In the 2016 census, Northgate had a population of 4,568 people.[1]


Northgate State School is a government primary (Prep-6) school for boys and girls at 128 Amelia Street (27°23′55″S 153°04′15″E / 27.3987°S 153.0708°E / -27.3987; 153.0708 (Northgate State School)).[20][21] In 2017, the school had an enrolment of 258 students with 25 teachers (16 full-time equivalent) and 17 non-teaching staff (10 full-time equivalent).[22] Although within the suburb of Northgate, it sits on the boundary with Nundah and is accessed via Amelia Street in Nundah.[23] Virginia State School in Virginia and Nundah State School in Nundah also serve students in the north and west of Northgate respectively.[23]

There are no secondary schools in Northgate. The nearest secondary schools are Earnshaw State College in Banyo and Aviation High in Hendra.[23]


Northgate Hall in 2011

The Northgate Hall is on the corner of Scott and Ridge Streets (27°23′13″S 153°03′49″E / 27.3870°S 153.0637°E / -27.3870; 153.0637 (Northgate Hall)). It is operated by the Brisbane City Council and can be hired for events.[24]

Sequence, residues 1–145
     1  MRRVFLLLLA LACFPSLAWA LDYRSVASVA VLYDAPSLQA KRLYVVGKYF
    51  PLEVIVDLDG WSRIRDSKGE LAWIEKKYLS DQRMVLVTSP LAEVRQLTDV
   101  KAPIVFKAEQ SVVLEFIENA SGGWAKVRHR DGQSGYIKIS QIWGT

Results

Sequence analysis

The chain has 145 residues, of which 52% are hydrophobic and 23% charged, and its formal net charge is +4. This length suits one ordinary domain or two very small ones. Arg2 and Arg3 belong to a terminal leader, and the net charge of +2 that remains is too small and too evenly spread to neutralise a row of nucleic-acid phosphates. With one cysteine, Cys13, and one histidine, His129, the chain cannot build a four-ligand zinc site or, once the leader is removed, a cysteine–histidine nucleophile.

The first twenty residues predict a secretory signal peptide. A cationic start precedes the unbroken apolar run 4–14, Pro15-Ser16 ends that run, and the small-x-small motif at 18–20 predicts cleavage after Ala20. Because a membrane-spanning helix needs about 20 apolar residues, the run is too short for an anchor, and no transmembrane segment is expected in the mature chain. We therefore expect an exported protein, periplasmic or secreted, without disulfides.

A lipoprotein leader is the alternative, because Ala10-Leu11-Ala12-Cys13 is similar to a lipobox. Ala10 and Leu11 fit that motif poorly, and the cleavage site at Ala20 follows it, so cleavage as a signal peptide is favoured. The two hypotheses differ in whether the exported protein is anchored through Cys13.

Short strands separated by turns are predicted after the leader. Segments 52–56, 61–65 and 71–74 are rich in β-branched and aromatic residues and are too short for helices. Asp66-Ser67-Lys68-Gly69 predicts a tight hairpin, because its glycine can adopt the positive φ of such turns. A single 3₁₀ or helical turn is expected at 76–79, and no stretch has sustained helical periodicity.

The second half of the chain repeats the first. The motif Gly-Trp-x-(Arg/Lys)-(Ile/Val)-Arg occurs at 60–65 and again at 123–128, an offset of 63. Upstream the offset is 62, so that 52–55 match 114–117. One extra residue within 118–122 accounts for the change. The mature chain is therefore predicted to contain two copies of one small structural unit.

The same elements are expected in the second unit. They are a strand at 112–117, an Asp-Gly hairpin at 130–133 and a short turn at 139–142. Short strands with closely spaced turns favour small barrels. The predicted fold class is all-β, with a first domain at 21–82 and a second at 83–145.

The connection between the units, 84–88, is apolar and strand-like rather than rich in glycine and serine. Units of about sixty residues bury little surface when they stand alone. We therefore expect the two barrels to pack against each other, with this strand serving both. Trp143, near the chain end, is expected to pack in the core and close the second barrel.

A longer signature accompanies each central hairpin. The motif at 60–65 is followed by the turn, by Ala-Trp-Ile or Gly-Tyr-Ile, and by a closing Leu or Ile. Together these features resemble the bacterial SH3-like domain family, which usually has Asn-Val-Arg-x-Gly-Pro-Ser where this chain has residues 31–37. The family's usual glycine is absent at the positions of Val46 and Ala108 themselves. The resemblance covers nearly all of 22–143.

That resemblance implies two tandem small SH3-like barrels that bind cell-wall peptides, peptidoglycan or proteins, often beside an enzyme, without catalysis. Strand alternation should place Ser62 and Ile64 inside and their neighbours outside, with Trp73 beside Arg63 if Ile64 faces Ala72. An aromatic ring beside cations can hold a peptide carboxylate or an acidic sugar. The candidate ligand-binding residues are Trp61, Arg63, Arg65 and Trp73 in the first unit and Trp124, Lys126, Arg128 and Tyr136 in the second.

St John's Catholic Church is at 688 Nudgee Road (27°23′54″S 153°04′28″E / 27.3983°S 153.0744°E / -27.3983; 153.0744 (St John's Catholic Church)) within the Mother of Mercy parish.[17]


Norths Rugby League football club is located in Nundah, and has developed Australian footballers including Melbourne Storm players Billy Slater, Greg Inglis and Cooper Cronk.


Golden Circle pineapple label, circa 1947

Northgate holds the Golden Circle processing plant, which is on Earnshaw Road (27°23′05″S 153°04′22″E / 27.3847°S 153.0729°E / -27.3847; 153.0729 (Golden Circle cannery)). Golden Circle is 1 kilometre (0.62 mi) long and occupies 16.5 hectares (41 acres) with its factories processing all the Golden Circle foods which are found in stores all around Australia. The factory in Northgate once contained a café for visitors to come to and sample Golden Circle produced food. The café and factory outlet is now closed but there are two new ones in Capalaba to the east of Brisbane and in Morayfield to the north of Brisbane.[25]


Northgate Railway Station, 2012